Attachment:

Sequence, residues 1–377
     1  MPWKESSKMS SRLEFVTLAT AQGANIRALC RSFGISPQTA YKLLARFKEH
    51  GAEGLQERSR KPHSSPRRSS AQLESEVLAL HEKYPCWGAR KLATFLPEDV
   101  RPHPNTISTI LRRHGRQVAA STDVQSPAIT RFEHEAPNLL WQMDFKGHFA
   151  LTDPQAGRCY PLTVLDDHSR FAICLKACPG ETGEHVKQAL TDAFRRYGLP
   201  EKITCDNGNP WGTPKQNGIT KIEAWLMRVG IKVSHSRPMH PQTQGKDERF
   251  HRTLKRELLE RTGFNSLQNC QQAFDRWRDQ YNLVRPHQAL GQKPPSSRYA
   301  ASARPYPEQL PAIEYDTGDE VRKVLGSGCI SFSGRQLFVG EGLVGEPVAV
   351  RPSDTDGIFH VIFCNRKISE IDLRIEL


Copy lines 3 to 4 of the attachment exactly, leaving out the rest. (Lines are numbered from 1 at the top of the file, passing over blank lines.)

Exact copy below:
    51  GAEGLQERSR KPHSSPRRSS AQLESEVLAL HEKYPCWGAR KLATFLPEDV
   101  RPHPNTISTI LRRHGRQVAA STDVQSPAIT RFEHEAPNLL WQMDFKGHFA